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Brooklyn International Film Festival

Posted on October 7th, 2004 at 21:41 by John Sinteur in category: Indecision 2008

[Quote:]

An un-apologetic criticism of US foreign policy and The Project for the New American Century. Animation follows the dialogue, giving visual poignancy and weight to Barry’s words. The propoganda-esque style of the motion graphics further re-inforces the message. Is this a conspiracy theory? Far from it.

QuickTime mirror


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Iraqi Indicted for Proposal to Open Talks With Israel

Posted on October 7th, 2004 at 21:12 by John Sinteur in category: Mess O'Potamia

[Quote:]

A court of Iraq’s interim government has brought criminal charges against a prominent politician for attending an antiterrorism conference in Israel and publicly suggesting that Iraq should open talks with Israel.

The indictment and arrest warrant, based on a 1969 law promulgated by the Baath Party that bars Iraqis from having contacts with enemy states, are likely to anger the United States government, which has sponsored Iraq’s new courts and is a close ally of Israel.

[..]

“Baathists are still there and they are still thinking in the old way,” he said. “They’re doing this to stop any move in the direction of peace with Israel. They don’t understand the meaning of liberation.”


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Going Upriver: The Long War of John Kerry

Posted on October 7th, 2004 at 20:15 by John Sinteur in category: Indecision 2008

Now available as a free dowload.


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Taste & Smell Patents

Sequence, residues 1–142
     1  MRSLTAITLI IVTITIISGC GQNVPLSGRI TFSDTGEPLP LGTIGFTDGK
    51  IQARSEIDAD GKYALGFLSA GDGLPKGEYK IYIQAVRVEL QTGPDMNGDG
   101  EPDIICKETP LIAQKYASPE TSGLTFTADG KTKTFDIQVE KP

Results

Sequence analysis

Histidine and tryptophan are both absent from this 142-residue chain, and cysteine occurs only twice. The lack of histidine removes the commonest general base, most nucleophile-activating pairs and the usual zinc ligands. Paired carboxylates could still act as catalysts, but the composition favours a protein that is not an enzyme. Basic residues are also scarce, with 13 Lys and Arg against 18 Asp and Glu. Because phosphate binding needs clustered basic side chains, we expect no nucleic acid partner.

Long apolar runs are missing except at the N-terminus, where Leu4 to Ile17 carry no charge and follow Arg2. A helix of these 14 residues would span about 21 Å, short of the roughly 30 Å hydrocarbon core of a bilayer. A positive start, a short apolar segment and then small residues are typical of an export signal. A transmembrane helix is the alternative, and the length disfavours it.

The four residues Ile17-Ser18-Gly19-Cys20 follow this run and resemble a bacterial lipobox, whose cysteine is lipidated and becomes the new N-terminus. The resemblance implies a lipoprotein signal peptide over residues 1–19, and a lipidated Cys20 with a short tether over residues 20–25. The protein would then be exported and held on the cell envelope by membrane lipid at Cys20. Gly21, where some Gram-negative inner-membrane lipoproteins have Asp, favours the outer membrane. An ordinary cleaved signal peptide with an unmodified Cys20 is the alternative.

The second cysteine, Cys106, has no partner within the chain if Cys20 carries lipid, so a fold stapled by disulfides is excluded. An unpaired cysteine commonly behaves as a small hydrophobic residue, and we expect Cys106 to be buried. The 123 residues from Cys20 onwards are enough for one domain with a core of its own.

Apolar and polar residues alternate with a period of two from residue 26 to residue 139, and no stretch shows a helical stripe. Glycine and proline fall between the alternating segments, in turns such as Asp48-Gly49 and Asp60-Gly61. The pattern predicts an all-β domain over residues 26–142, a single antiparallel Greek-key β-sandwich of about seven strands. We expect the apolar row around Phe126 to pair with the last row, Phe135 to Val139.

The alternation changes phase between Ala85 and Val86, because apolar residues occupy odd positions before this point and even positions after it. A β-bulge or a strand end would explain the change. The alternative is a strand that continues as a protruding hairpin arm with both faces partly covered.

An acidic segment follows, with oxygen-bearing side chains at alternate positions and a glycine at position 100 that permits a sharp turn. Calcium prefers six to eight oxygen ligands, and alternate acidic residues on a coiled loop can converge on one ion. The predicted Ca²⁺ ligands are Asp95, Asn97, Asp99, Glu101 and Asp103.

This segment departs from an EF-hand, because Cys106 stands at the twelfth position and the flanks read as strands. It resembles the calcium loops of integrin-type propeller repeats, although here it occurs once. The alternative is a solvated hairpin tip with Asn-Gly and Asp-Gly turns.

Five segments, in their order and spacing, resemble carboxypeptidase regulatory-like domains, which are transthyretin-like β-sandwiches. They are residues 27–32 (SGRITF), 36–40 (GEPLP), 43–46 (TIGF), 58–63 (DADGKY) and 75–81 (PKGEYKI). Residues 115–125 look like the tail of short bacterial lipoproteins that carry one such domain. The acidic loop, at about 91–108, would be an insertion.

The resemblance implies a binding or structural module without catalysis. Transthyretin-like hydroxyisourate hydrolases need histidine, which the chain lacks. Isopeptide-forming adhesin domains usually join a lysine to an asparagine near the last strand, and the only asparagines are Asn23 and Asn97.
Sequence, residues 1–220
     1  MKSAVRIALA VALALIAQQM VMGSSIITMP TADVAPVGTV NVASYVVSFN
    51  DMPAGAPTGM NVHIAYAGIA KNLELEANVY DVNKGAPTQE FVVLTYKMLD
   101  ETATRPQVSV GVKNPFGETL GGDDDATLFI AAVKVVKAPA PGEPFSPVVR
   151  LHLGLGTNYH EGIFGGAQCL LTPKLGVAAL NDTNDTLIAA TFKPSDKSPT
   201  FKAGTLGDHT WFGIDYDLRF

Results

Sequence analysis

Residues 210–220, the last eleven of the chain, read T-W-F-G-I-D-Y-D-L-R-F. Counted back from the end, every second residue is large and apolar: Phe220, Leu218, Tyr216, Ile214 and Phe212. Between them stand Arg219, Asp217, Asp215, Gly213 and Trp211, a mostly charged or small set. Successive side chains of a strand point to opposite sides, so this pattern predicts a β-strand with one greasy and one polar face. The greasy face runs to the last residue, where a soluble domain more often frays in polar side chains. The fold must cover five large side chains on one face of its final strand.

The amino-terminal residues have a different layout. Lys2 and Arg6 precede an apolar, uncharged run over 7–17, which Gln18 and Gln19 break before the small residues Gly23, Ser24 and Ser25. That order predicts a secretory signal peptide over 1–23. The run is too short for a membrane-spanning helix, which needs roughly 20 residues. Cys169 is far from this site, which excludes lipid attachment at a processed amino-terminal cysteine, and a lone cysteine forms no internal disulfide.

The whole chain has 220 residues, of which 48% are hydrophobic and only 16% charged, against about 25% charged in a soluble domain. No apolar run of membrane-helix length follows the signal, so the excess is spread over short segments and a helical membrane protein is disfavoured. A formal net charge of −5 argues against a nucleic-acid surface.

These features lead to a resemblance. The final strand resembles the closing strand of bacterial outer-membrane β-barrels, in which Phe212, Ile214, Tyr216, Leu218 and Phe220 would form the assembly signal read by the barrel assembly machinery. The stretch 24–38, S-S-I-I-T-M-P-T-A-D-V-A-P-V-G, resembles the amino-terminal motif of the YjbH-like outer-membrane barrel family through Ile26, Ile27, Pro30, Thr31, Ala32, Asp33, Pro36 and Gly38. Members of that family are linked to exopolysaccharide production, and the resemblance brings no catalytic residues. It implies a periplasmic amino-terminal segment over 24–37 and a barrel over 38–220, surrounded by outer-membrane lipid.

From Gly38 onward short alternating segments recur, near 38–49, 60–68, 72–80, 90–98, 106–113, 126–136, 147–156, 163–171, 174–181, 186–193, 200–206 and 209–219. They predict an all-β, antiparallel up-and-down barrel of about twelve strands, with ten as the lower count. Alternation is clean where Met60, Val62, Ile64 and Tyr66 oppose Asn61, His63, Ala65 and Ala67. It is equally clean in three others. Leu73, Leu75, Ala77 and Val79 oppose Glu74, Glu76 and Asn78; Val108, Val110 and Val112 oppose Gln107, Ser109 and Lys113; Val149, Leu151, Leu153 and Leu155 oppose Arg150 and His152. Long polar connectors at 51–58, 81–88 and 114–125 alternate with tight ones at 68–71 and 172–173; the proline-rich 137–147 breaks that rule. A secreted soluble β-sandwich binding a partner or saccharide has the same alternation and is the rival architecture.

Posted on October 7th, 2004 at 20:05 by John Sinteur in category: Intellectual Property

Patents stink. Literally.


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Take My Music . . . Please

Posted on October 7th, 2004 at 20:03 by John Sinteur in category: Intellectual Property

[Quote:]

The Beastie Boys, David Byrne and Brazilian pop legend Gilberto Gil will appear on a new CD along with 13 other artists next month—not exactly earth-shattering news. But what’s unique about the disc is that diehard fans are not only likely to end up copying, remixing and swapping it online; they’re actively encouraged to do so. The compilation, due out at month’s end, is both a legal experiment and the opening salvo in a war against the music industry’s zero-tolerance policy on file sharing. And if the folks behind it have it their way, both the artists and their fans will come out winners.


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Comments:

  1. I went to a creative commons benefit concert featuring David Byrne and Gilberto Gil, inNYC. Before the show there were some self congratulatory videos about this new kind of license, and it does sound interesting. one piece of news they mentioned, is that The david byrne and Brian Eno LP, “My Life in the Bush of Ghosts” is going to be released next year with the composite tracks released under a creative commons license (the byrne/eno work will retain the standard copyright license). weather CC will produce a new body of colaborative work remains to be seen, but hope springs eternal.

VP debate

Posted on October 7th, 2004 at 20:02 by John Sinteur in category: Funny!, Indecision 2008

vpdebate.jpg


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zoom

Posted on October 7th, 2004 at 20:01 by John Sinteur in category: Great Picture

Wow. How did they do this?


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The Verdict Is In

Posted on October 7th, 2004 at 19:46 by John Sinteur in category: Mess O'Potamia

[Quote:]

Sanctions worked. Weapons inspectors worked. That is the bottom line of the long-awaited report on weapons of mass destruction in Iraq, written by President Bush’s handpicked investigator.

In the 18 months since President Bush ordered the invasion of Iraq, justifying the decision by saying that Saddam Hussein was “a gathering threat” to the United States, Americans have come to realize that Iraq had no chemical, nuclear or biological weapons. But the report issued yesterday goes further. It says that Iraq had no factories to produce illicit weapons and that its ability to resume production was growing more feeble every year. While Mr. Hussein retained dreams of someday getting back into the chemical warfare business, his chosen target was Iran, not the United States.